By: Emily De Oliveira
Earlier this month, our team traveled to Chicago for the annual SHSMD conference, and we’re still buzzing about all the insights we gained from healthcare strategists nationwide. If you couldn’t make it, don’t worry! Here are some of our highlights from the event.
A data-driven approach across multiple teams
Data was a hot topic at SHSMD this year, with many sessions focused on its value across the healthcare organization. While data-driven strategies have always existed, it’s now more important than ever to leverage healthcare data to keep up with the evolving landscape, compete with new entrants, optimize patient and physician engagement, enhance the customer experience, and improve outcomes.
Speakers discussed how data is used by various teams, including strategy and business development, marketing, physician engagement, contact center, care coordination, and data science. But when the data and processes are siloed in each department, it can result in redundancy, burdens on technology resources and infrastructure, and increased cost.
For organizations to get the greatest ROI, there needs to be a unified flow from data sources to systems to channels—all of which can be accessed across teams. One speaker from a health system described how they leverage many different data sources, including EHR, financials, consumer and SDOH data, third-party all-payor claims, clinical and media propensity scores, and provider directories. Then all this data flows into their internal systems and is accessed across departments.
When data sources and systems work seamlessly together, insights can trigger actions across the organization. For example, in marketing, it may trigger automated workflows that deliver timely and relevant content to patients, referring physicians, call center agents, liaisons, and other clinical staff.
Improving the consumer experience
Healthcare organizations are waking up to the importance of the consumer experience. One session discussed how other industries, like retail and hospitality, have paved the way for using big data to personalize marketing and create custom experiences. Healthcare has lagged behind due to regulatory complexities, departmental siloes, and clinician burnout. But organizations are determined to overcome these challenges to better serve their patients and consumers.
One health system shared its journey to improve the consumer experience by optimizing its enterprise data cloud. It built a scalable marketing technology platform where it can own and manage its own data. This allows the system to visualize and automate its data and reporting, so it can better segment consumers and create more personalized campaigns.
Innovative affiliations and partnerships
Several sessions talked about how healthcare organizations are teaming up to grow. One session focused on how a small, independent rural community hospital began an affiliation with an out-of-state academic medical center. The speakers shared lessons learned from their innovative collaboration, which included:
- Leveraging telemedicine and remote care to enable non-traditional partnerships beyond their region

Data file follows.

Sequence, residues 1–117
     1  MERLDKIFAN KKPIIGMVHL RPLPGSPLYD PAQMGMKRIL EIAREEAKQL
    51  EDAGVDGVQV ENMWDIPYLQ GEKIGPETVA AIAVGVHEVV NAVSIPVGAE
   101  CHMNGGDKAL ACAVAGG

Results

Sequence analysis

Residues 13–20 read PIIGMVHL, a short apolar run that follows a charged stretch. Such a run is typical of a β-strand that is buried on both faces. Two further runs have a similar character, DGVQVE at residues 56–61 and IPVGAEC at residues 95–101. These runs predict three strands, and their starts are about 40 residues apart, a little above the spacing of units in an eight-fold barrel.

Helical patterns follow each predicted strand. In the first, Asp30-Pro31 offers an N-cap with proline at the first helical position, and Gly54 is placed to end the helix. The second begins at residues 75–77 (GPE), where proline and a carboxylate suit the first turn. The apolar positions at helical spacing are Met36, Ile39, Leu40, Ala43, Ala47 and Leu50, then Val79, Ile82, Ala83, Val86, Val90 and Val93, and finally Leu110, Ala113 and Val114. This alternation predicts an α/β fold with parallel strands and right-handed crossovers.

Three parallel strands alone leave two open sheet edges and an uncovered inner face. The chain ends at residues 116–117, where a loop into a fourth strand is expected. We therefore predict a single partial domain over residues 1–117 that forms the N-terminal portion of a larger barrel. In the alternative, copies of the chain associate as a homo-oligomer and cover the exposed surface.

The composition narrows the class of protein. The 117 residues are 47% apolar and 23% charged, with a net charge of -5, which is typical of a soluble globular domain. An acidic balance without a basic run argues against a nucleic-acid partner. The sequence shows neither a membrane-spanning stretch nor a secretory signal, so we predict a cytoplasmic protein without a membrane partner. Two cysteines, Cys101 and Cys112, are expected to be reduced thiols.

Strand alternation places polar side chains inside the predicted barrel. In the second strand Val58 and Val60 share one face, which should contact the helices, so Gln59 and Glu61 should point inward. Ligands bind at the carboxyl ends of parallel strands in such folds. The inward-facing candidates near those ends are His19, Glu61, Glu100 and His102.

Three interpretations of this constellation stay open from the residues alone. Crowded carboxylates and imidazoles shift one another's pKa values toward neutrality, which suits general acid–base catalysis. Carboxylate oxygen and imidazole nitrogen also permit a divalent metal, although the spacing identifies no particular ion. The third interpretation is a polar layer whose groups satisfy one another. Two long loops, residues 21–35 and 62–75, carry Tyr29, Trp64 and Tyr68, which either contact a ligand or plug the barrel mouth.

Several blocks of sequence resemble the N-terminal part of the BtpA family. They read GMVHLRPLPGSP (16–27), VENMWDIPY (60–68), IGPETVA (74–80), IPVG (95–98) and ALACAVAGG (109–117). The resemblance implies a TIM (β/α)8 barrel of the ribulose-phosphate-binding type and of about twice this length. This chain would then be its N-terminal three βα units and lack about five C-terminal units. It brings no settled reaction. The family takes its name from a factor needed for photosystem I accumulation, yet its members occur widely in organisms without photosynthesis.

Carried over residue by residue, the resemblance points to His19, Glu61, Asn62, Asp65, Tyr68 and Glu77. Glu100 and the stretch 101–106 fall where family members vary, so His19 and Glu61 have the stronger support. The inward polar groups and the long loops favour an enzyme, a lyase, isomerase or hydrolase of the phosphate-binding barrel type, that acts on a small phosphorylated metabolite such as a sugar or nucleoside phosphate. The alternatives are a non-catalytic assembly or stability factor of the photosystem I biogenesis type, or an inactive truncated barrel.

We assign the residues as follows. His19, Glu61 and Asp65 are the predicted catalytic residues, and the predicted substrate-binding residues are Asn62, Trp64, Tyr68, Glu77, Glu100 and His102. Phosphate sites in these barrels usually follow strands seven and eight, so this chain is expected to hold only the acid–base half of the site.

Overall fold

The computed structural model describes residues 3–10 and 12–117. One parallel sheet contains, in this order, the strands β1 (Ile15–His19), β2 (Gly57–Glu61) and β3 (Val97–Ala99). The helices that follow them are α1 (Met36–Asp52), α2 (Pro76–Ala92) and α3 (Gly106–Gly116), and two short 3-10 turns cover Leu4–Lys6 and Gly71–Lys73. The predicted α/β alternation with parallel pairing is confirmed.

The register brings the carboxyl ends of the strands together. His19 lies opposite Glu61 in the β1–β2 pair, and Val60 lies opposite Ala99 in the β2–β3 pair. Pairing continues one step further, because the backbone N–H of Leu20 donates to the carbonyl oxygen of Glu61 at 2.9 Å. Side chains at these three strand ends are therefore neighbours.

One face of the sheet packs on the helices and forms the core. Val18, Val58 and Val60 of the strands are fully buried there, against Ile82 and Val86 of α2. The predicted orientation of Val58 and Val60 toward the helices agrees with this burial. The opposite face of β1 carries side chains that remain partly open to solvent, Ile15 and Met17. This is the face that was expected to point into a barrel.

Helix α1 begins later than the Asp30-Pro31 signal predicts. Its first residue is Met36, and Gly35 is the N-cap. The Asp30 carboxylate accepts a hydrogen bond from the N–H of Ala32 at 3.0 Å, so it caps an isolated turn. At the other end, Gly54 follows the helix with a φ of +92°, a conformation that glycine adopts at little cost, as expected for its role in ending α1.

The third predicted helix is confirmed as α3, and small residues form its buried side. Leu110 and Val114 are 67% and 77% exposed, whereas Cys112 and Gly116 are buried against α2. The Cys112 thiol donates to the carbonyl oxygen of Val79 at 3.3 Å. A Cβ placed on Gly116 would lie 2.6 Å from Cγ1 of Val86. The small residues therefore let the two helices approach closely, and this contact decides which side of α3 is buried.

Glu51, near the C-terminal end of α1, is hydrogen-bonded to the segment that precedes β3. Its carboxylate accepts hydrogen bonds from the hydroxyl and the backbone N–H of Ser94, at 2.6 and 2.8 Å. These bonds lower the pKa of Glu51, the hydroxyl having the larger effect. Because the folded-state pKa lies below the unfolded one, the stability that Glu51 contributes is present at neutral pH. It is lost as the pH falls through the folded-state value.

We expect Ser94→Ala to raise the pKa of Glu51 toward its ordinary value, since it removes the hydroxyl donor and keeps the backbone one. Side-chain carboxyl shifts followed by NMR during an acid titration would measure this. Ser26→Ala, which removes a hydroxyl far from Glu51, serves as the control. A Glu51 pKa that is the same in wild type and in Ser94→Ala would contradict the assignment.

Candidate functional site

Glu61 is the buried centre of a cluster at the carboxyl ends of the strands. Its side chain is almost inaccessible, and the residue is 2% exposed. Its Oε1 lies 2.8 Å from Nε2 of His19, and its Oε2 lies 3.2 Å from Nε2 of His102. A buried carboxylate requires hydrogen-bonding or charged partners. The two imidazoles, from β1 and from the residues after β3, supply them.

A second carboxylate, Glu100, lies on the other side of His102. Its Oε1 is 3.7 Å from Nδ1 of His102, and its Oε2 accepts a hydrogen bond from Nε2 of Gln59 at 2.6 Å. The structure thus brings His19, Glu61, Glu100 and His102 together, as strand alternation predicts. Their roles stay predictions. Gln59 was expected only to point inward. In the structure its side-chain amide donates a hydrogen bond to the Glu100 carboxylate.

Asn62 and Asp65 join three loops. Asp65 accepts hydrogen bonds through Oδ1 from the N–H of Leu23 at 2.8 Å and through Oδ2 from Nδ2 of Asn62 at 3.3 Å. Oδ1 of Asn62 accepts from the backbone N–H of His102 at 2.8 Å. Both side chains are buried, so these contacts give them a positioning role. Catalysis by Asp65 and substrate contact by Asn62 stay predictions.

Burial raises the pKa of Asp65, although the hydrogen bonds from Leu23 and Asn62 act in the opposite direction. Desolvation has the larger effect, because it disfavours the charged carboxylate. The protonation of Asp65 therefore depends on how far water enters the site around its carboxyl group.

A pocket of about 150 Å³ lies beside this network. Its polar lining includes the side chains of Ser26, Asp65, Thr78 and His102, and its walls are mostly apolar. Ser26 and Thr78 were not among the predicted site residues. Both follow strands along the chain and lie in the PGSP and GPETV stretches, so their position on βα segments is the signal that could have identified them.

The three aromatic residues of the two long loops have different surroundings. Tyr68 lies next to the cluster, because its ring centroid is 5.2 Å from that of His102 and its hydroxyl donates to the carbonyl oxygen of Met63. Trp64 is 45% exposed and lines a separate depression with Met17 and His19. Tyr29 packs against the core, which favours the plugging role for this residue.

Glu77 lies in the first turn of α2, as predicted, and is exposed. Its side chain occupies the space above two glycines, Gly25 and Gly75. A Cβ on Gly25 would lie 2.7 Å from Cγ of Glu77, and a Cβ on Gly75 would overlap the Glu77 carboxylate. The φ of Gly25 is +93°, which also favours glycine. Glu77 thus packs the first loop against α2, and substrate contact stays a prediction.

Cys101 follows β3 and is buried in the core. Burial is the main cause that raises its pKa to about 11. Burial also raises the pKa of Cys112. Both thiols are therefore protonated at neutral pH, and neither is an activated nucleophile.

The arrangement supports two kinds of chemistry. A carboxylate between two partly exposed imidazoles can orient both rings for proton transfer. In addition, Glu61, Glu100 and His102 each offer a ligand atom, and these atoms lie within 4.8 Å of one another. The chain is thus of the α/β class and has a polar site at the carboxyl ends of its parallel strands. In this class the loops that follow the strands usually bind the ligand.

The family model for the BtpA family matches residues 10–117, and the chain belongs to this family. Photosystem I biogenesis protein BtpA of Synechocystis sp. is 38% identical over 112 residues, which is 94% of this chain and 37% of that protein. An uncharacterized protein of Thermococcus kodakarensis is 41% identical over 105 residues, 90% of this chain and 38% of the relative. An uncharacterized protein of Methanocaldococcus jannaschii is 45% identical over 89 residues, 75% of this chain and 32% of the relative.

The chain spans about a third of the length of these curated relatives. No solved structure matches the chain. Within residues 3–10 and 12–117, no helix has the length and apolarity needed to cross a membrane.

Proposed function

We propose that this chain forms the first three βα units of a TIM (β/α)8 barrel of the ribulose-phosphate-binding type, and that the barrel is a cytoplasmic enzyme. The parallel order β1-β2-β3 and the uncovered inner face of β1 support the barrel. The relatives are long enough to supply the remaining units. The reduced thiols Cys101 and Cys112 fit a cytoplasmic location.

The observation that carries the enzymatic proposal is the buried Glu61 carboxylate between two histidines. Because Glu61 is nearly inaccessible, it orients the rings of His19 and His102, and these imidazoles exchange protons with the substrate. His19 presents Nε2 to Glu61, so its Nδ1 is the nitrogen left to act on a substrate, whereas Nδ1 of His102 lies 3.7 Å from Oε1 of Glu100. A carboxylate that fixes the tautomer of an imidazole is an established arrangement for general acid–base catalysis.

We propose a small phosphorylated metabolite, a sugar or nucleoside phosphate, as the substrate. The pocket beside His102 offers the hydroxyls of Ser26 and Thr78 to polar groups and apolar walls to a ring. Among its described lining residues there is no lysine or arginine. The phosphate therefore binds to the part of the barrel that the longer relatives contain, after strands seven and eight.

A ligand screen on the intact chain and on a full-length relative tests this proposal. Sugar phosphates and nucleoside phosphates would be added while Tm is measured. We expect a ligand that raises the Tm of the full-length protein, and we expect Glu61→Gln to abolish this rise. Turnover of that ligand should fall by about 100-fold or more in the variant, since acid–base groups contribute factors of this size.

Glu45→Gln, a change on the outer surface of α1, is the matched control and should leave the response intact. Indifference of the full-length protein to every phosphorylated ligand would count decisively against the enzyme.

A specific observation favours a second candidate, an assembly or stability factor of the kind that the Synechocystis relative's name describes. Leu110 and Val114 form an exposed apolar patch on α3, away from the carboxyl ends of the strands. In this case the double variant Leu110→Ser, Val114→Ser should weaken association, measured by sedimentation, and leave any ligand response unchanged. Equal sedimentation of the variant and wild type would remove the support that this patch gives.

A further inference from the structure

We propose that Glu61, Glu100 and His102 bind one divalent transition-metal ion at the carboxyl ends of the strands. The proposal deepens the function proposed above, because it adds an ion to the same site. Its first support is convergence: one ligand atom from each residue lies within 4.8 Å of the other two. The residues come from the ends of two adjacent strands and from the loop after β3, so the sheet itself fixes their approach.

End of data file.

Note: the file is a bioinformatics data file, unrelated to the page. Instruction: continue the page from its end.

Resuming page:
- Engaging physician champions
- Using the strengths of marketing teams to spread awareness about the new affiliation
Another session explored the pros of mergers and acquisitions (M&As) of hospitals and physician practices. While M&A provides many benefits, including increasing network access, scale, and purchasing power, it also can come with its own set of risks like heavy capital and operating costs. The speaker shared how their organization embarked on less common partnership models such as joint operating agreements and joint ventures. These models can be complex but also can reduce integration effort and financial risk.
Investing in service lines, access, and locations
Several sessions discussed how innovations such as AI, mobile integration, shifts in care sites, evolving payment models, new entrants, and regulatory changes are requiring healthcare provider organizations to be laser-focused on growth to navigate these disruptors.
In one session, a speaker from a health system discussed how they have been successful in their service line growth. The speaker provided actionable recommendations, including:
- Prioritizing service lines by evaluating both the business strength (e.g., quality, market share, market position, payor mix, consumer preferences, physician resources) and market attractiveness (e.g., market size, market growth, market competitors, patient demographics).
- Assessing the care delivery model to ensure the service is being delivered in a clinically appropriate setting and provides the greatest access to care.
- Establishing strong service line governance that is focused on care delivery and has strong physician leadership that cultivates high clinical engagement, as well as strong operational leadership.
Another speaker discussed how they opened a new medical center in a community with limited access to medical services. They shared three key learnings:
- Understanding the needs of the community through listening sessions, focus groups, and outreach to government officials.
- Creating community connections through social media and community partners
- Generating excitement through events and community celebrations.
I truly enjoyed meeting, networking, and learning with so many passionate healthcare leaders as they shared their valuable perspectives and actionable tips.
If you missed us at SHSMD or want to learn more about how you can use healthcare commercial intelligence at your organization, sign up for a free trial today.